Exposure Compensation

Started Dec 31, 2012 | Questions thread
Topaz
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Re: Exposure Compensation
In reply to WilbaW, Jan 2, 2013

WilbaW wrote:

Great. So you understand how deviating from the what the meter wants by the same amount has the same effect on image brightness regardless of the shooting mode. If you call that "exposure compensation" in semi-auto modes, what do you call it in M?

"Exposing".  Look, you're on your own here in terms of terminology.  Google for "exposure compensation" and "manual mode" and "canon" together, and you'll see similar threads everywhere, where all the responses say exposure compensation has nothing to do with manual mode.  And you can take a look at page 120 of the 60d manual, titled "Setting Exposure Compensation".  Point #1, in big bold letters, says "Set the mode dial to <P>, <Tv>, or <Av>".  Note <M> is not on the list.  I don't think many people agree with you, including Canon.

I don't care what happened in 1938 or what Ansel Adams wrote about "exposure compensation" (which, incidentally, I believe is precisely nil, but I might be mistaken).  Exposure compensation is not the terminology anybody, in 2013, uses to explain the metering in manual shooting modes on a modern camera.

This is completely off track from the OPs problem which is that he's (presumably) blowing out his photos.  What the feature is called doesn't matter.  What metering mode he is using DOES matter, because that needle pointing to 0 or -1 or -2 means something entirely different, depending on his metering mode.

please note you botched the specs for your "experiment".

Makes you feel good when you think you've "got" someone on a tiny procedural point, doesn't it? As if that makes everything they've said invalid.

No, I was just trying to respond to your condescending attempt to make me try little experiments to understand the basics of exposure.  I thought it was amusing, in your attempt to belittle me, that your experiment made exactly the opposite point you were trying to make.

It's good that you spotted the deliberate

ROFL

error, now I know that you actually tried it (unless you have C. Fn IV-3 = 1, like I do). Too bad the point is irrelevant.

Actually, I admit I did not actually try it.  Haven't touched my camera since a family event photo shoot yesterday.  I know how my camera works like the back of my hand, and didn't need to turn it on to know your example was backwards and nonsense.

the on-screen information means something different in semi-automatic modes and manual modes.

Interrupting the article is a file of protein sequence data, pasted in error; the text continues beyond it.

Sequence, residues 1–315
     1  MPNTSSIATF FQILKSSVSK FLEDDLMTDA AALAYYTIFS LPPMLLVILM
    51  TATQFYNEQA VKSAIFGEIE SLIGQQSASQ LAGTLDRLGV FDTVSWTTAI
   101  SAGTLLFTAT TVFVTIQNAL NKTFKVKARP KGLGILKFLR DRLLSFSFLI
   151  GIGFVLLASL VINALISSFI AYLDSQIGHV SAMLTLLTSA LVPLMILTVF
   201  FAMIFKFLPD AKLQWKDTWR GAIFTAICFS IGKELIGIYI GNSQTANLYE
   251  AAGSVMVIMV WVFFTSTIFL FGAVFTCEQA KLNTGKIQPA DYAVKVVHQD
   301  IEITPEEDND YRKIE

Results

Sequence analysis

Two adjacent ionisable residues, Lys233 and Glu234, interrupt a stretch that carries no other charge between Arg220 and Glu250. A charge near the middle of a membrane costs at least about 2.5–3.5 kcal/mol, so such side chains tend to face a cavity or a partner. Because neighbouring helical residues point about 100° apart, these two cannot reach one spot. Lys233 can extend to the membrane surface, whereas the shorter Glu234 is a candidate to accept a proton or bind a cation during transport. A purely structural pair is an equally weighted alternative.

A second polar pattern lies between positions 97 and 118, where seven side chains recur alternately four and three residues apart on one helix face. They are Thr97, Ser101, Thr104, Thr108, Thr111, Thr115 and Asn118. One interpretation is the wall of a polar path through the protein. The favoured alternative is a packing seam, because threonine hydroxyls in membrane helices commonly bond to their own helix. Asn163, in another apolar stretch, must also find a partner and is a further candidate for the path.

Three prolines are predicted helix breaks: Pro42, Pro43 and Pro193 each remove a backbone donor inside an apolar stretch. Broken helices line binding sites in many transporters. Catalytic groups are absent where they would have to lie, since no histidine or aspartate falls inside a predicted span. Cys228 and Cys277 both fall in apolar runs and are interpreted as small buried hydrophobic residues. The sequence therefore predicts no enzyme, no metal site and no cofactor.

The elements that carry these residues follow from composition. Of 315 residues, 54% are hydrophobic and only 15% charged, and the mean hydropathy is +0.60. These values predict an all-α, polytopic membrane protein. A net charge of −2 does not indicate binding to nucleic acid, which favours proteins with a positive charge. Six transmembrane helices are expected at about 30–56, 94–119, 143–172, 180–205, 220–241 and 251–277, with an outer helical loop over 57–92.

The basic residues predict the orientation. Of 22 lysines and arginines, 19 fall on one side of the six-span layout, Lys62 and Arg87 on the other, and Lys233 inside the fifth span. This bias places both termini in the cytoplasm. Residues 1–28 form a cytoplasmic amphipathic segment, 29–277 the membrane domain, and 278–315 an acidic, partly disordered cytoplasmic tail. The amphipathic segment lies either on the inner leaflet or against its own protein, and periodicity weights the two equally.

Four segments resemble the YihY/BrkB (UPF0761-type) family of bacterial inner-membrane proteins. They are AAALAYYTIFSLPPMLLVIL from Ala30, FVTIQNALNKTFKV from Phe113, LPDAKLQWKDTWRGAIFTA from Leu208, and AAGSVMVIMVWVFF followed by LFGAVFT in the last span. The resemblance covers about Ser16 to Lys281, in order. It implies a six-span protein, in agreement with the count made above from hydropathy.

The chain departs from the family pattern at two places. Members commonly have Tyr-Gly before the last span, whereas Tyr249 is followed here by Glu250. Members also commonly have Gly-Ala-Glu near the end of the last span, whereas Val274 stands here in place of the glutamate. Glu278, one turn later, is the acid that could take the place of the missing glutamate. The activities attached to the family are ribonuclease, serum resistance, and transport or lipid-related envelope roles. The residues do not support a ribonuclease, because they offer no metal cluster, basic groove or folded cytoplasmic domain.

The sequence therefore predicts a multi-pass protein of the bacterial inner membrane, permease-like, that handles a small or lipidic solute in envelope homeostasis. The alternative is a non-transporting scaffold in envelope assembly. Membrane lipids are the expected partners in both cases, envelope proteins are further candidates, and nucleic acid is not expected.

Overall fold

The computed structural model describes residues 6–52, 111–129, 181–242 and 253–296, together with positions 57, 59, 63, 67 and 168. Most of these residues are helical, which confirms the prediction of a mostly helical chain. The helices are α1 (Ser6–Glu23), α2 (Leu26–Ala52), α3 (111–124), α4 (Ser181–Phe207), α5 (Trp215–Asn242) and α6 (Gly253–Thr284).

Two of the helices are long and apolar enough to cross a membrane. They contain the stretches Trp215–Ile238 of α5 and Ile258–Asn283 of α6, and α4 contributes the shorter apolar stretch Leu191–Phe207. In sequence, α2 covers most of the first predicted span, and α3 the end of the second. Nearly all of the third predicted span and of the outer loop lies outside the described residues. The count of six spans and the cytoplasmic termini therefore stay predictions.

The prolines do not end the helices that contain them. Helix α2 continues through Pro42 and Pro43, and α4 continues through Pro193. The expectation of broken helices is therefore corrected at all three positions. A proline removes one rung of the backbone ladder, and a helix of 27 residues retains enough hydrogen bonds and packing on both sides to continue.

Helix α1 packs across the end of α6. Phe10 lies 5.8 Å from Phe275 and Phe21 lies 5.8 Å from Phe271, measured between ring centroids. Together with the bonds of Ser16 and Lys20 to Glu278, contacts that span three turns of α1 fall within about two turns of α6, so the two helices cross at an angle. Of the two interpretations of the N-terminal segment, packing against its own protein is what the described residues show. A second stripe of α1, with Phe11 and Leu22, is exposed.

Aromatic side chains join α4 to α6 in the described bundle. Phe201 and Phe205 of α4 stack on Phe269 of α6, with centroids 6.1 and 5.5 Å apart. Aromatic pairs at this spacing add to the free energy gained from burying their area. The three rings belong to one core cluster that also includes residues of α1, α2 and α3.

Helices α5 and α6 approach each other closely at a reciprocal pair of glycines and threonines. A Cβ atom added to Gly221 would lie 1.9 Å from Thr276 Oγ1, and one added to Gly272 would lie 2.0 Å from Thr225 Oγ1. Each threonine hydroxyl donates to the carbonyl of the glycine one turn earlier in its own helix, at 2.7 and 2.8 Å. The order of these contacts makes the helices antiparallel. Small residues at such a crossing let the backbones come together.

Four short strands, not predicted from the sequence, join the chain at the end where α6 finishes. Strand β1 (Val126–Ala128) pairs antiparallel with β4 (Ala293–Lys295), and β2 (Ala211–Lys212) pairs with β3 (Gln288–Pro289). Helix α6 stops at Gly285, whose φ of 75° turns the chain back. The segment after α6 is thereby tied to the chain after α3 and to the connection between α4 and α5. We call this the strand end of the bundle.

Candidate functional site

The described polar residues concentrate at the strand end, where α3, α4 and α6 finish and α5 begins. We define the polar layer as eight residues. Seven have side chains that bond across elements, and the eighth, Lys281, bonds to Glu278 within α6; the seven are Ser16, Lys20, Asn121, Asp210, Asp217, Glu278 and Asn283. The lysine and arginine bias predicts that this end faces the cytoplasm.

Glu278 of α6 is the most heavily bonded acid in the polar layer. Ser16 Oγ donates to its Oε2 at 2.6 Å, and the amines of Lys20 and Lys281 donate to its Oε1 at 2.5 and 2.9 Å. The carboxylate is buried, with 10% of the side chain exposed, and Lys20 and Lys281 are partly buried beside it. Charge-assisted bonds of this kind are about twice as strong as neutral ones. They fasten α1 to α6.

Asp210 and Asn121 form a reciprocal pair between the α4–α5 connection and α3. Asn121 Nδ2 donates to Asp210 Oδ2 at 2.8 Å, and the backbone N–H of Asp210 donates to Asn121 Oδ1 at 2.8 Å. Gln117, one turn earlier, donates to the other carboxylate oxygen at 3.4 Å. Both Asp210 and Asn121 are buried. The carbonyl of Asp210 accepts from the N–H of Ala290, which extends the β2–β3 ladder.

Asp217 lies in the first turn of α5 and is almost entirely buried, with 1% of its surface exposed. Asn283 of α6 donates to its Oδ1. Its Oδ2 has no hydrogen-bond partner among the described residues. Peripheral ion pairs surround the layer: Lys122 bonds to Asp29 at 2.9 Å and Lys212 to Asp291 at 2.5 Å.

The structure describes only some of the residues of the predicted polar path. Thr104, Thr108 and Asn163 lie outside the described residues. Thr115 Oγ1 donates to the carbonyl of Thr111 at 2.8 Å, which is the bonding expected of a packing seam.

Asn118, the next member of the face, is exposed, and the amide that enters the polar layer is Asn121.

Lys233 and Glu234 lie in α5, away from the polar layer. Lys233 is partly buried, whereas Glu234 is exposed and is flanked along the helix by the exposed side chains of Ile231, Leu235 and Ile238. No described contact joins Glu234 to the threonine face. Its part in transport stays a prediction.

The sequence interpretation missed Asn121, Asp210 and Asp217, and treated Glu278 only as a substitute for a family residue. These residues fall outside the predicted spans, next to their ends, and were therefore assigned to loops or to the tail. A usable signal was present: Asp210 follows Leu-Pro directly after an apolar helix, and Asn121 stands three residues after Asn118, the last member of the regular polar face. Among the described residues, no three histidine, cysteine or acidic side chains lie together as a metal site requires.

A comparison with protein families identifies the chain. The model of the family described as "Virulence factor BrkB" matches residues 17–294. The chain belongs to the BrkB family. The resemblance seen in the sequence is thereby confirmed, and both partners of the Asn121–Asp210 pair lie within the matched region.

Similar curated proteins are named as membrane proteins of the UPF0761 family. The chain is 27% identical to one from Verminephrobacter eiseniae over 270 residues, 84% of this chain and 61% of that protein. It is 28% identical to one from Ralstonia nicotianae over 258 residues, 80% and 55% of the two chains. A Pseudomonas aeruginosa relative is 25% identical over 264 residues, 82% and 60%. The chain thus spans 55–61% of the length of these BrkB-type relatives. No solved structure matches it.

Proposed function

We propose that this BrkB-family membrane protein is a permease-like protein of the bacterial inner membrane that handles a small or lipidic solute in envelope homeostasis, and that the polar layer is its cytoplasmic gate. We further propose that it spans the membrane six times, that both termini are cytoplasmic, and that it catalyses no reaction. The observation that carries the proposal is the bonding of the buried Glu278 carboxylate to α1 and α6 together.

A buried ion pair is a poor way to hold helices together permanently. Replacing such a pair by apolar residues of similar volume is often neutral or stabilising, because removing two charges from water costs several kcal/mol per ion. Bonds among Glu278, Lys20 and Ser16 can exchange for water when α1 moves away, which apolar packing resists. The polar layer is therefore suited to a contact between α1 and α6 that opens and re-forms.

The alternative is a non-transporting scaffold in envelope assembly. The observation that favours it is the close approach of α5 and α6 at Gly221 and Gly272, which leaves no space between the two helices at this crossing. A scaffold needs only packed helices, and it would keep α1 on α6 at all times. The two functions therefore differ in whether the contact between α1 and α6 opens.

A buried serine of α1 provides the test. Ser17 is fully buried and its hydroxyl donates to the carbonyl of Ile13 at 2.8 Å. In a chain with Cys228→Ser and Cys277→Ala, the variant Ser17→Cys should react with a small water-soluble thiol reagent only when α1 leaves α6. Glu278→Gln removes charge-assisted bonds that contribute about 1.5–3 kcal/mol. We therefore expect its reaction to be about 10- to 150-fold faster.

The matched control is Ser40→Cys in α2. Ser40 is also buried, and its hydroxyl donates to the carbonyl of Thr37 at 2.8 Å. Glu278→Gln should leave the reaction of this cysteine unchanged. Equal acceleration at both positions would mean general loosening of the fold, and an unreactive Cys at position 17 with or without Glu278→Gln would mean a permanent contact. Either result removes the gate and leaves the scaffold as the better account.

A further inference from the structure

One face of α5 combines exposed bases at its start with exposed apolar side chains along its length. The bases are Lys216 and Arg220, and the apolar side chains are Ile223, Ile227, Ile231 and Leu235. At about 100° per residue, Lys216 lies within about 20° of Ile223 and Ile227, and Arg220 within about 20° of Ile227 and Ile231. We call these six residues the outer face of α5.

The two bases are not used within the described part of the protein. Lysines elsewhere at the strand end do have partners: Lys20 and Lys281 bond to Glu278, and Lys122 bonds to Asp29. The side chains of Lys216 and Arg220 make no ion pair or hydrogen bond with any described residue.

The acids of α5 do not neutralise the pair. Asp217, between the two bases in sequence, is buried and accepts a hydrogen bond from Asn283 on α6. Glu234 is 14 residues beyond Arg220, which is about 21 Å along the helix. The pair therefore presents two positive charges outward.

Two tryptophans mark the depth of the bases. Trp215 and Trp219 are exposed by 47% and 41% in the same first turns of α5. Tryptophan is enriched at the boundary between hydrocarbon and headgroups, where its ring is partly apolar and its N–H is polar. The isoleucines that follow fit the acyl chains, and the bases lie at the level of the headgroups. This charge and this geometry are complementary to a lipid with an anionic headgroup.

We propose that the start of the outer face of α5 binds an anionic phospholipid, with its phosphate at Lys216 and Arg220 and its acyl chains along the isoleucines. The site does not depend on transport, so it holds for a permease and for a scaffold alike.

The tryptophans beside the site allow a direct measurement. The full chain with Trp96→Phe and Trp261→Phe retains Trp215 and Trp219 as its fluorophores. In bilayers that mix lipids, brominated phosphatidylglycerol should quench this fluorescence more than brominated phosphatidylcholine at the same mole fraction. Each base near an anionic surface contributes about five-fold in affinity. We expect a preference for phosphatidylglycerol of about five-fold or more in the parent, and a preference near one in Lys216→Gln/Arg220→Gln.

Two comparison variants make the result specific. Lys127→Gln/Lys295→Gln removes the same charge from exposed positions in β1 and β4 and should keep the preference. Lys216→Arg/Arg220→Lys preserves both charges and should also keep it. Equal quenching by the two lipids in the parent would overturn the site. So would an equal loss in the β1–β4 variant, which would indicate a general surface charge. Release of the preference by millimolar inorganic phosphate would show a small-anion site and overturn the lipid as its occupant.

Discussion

Please explain how "1/60 | F8.0 | ISO 200 | -1" in Av means something different for image brightness compared to the same values in M.

It doesn't mean a difference in image brightness for that one shot.  There is a difference in ergonomics and workflow when the needle is pointing to -1.  In Av mode it means that every time you snap the shutter, the camera's going to adjust the shutter speed to make sure the image is 1 stop darker than the standard exposure calculation (based on your metering mode).  The shutter speed changes every time, and you get consistent brightness across photos: always 1 stop darker than standard calculations.

By contrast, in M mode it means what you are CURRENTLY pointing at is 1 stop darker than the standard exposure calculation.  But every time you release the shutter after that, the brightness will be different unless you keep shooting exactly the same subject in the same lighting.  Recompose and you're no longer at -1.  Wait until a cloud passes overhead, or the sun's position changes, and you're no longer at -1.  Your settings in no way guarantee the brightness of your image, other than the one you're shooting immediately.  That's probably why nobody calls this "exposure compensation"

Avoiding confusion like yours and the OPs...

On the contrary, the OP made perfect sense to me, since (as you acknowledge above), -1 in any shooting mode is as bright as -1 in any other shooting mode using the same metering mode, and therefore exposure compensation is shooting and metering mode-independent.

... is probably the reason none of the camera manufacturers use the terminology "exposure compensation" when they are simply talking about metering away from 0 in manual mode.

Aaaaaand back we come to the beginning. They aren't explaining what it is, they are explaining how to do it.

Look up some definitions of exposure compensation from prior to 1938. (Bonus points for knowing why 1938.)

Per my note above, I don't think anybody cares about 1938 terminology, even if you're right about it (so I am not going to bother asking for references).

I think most people are more interested in the OP's metering problem than the argument over philosophy and terminology.  I'll say again that the OP's nonstandard terminology is a sign that he might not accurately describing his problem.  And more importantly, lack of any info about metering mode means there is no way we can solve his problem.

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